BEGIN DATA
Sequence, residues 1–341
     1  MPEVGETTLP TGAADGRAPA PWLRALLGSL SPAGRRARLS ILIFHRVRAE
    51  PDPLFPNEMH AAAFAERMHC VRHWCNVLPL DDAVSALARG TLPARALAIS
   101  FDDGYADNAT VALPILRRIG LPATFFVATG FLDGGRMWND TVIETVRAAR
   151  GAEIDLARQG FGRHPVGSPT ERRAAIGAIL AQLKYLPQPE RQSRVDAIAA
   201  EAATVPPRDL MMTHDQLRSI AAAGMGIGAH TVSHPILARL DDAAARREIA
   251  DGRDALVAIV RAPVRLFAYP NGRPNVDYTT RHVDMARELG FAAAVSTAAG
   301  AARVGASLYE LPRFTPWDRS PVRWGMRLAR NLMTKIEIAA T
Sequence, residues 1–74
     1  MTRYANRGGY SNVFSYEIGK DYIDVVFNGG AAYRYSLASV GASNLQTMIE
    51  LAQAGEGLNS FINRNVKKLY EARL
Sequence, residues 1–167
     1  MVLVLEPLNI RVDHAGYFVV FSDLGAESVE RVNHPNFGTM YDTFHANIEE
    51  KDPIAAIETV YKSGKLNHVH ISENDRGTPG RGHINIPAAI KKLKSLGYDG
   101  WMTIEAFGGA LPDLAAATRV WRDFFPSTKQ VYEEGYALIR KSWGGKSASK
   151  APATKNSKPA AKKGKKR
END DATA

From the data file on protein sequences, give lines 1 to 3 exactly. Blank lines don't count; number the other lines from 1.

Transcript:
Sequence, residues 1–341
     1  MPEVGETTLP TGAADGRAPA PWLRALLGSL SPAGRRARLS ILIFHRVRAE
    51  PDPLFPNEMH AAAFAERMHC VRHWCNVLPL DDAVSALARG TLPARALAIS